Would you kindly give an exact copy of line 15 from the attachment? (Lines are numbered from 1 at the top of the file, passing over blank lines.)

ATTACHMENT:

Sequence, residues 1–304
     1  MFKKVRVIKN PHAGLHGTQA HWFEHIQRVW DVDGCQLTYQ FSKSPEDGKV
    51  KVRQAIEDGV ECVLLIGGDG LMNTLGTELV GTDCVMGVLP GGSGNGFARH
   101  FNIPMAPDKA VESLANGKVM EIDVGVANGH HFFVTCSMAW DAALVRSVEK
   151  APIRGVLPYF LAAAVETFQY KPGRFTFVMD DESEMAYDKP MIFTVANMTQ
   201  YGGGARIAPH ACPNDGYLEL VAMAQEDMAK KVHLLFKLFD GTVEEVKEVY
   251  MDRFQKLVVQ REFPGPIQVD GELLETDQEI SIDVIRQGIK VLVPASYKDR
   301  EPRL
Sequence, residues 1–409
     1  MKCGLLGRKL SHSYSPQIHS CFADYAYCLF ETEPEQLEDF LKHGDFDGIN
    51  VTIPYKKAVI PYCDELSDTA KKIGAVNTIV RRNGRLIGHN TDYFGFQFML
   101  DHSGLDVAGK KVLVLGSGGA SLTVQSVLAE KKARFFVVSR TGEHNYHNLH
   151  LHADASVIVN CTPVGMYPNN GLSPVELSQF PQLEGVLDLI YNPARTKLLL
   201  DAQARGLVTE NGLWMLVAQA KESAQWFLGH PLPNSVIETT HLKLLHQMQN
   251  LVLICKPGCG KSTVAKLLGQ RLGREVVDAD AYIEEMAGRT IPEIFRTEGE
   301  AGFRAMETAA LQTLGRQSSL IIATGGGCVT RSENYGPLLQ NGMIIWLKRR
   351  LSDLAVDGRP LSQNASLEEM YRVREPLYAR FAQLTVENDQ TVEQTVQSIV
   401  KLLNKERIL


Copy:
   251  LVLICKPGCG KSTVAKLLGQ RLGREVVDAD AYIEEMAGRT IPEIFRTEGE